Lyocell is being touted as the sustainable fiber of the future. Let’s break down the pros and cons of lyocell for climate conscious shoppers.
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Lyocell was first commercially produced in Alabama in 1992.
What is lyocell?
Great question! This semi-synthetic fiber is made from wood pulp but isn’t a natural fiber like cotton or hemp.
Its production requires far more technical processing methods and a lot more water, so why is lyocell being touted as the sustainable fiber of the future?
Here are the pros and cons of lyocell fabric, with some background on how this fiber is made and some of the best sustainable brands offering lyocell products.
- Breathable and hygienic
- Good for humid climates
- Requires specific technology to produce
- More expensive than conventional cotton
- Only as sustainable as the source of wood
The benefits of lyocell fabric
1. Lyocell is made using a renewable resource that sequesters carbon
Most lyocell is made from eucalyptus trees. Some lyocell is made with bamboo though, and some with oak, birch, and other types of wood.
Eucalyptus and bamboo are great choices for lyocell production because they grow fast, require minimal inputs (including a lot less water than cotton), and sequester carbon while they grow. Eucalyptus and bamboo are also very good at growing where plant crops don’t grow well. They also grow more densely, requiring around a fifth of the land needed to grow cotton. What’s more, unlike conventional cotton, eucalyptus and bamboo don’t require irrigation or pesticides!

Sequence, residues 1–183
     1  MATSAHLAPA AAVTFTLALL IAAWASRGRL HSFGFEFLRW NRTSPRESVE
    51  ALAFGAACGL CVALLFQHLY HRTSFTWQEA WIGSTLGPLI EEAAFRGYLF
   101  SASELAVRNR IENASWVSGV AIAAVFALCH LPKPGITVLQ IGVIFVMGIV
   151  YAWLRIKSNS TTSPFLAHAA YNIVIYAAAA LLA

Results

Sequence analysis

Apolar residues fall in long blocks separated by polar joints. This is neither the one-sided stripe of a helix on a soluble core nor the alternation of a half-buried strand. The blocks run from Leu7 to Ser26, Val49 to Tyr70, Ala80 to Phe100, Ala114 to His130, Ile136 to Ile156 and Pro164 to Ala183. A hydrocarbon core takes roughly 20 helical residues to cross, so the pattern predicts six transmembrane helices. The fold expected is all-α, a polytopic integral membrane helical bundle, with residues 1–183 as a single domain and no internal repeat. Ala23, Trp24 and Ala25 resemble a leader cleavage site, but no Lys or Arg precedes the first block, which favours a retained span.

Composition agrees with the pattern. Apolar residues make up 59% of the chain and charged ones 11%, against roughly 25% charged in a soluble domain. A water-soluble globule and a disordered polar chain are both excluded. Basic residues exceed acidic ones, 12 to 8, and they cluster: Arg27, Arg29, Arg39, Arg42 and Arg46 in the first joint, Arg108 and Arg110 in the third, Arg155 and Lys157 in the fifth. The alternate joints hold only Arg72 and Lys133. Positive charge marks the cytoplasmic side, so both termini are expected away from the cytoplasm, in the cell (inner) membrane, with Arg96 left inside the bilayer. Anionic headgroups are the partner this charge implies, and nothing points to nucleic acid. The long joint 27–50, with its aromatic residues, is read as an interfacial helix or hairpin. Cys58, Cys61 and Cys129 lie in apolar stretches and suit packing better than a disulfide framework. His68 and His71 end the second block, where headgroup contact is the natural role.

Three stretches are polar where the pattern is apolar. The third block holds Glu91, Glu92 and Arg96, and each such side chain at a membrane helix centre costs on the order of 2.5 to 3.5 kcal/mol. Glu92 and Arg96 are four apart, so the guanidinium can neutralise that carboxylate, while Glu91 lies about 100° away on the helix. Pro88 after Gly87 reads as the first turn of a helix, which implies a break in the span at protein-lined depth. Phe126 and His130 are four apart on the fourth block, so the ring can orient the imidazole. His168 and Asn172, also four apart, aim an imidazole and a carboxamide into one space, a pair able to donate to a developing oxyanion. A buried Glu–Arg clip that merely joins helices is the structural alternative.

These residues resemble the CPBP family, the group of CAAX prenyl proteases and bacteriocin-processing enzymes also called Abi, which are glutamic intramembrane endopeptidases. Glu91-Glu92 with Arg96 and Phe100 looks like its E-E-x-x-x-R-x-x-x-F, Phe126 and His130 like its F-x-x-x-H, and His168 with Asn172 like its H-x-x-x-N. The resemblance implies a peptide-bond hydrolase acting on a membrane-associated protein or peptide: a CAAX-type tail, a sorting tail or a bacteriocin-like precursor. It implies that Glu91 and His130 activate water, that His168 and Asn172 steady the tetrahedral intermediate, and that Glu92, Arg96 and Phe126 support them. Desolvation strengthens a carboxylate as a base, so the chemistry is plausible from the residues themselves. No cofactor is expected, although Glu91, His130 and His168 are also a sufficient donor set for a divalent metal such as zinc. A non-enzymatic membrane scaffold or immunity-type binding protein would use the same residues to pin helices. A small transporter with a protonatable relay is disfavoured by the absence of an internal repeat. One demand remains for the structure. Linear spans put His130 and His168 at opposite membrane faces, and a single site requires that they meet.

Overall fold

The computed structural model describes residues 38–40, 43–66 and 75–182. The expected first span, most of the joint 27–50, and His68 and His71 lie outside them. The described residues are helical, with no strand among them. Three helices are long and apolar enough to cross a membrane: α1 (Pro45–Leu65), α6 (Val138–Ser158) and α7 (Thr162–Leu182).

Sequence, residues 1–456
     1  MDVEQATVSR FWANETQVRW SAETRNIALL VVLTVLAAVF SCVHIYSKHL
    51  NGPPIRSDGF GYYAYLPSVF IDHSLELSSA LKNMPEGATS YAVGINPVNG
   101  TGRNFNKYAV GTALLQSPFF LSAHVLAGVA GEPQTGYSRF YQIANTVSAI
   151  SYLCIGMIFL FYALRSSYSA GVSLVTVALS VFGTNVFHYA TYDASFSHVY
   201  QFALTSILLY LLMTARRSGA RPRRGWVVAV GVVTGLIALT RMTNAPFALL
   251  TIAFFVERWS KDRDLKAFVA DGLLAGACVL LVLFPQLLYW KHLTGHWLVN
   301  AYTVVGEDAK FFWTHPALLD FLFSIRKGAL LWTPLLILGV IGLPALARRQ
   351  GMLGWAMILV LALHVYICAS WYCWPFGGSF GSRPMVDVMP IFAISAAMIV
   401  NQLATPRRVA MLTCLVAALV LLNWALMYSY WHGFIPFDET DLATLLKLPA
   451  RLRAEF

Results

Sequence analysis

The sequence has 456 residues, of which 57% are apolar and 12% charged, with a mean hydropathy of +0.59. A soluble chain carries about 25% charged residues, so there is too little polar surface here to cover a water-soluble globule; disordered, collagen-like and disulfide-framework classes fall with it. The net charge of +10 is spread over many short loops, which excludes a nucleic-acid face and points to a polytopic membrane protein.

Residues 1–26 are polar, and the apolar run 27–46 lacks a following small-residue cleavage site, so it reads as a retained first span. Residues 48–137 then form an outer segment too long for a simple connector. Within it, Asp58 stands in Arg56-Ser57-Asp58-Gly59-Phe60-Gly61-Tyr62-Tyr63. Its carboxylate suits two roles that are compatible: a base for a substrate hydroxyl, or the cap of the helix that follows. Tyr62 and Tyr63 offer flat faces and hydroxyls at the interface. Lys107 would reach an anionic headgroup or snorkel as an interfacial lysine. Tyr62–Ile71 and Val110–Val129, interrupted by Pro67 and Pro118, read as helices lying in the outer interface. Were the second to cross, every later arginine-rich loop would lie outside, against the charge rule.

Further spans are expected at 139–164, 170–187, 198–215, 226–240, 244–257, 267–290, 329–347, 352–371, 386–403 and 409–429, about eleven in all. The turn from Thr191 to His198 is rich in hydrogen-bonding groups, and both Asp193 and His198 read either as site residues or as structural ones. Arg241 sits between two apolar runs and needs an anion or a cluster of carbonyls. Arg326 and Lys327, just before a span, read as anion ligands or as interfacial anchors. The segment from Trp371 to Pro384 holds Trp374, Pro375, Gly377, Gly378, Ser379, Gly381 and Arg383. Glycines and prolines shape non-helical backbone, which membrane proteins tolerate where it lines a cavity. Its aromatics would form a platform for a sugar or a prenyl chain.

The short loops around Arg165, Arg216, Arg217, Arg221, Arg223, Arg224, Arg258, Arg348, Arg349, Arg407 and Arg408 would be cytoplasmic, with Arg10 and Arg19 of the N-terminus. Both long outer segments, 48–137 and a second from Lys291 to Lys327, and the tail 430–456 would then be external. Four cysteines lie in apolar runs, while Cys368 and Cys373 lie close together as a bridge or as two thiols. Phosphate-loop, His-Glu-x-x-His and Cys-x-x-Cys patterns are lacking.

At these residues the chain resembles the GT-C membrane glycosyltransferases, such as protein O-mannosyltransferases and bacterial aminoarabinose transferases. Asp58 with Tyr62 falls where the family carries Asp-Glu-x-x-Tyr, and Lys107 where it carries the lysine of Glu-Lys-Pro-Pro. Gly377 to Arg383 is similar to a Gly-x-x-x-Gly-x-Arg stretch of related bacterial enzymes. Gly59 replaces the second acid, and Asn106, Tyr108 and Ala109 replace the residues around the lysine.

Finally, most lyocell is made using wood sourced from well-managed forests, usually certified by the Forest Stewardship Council.
2. Lyocell is 100% biodegradable and compostable
Lyocell is made from wood using non-toxic solvents. This means that if it isn’t blended with synthetic fibers, lyocell only takes a few months to fully biodegrade if exposed to the right conditions. This makes it very similar to cotton, hemp, and linen and vastly different to nylon, polyester, and other plastic-based fibers that can take over a century to even begin biodegrading.
3. Lyocell is made using non-toxic, closed-loop manufacturing
Lyocell production doesn’t create harmful by-products because the solvents involved are non-toxic. And, because lyocell is made in a closed-loop system, around 99.5% of the solvents are reused up to 200 times, meaning very little waste.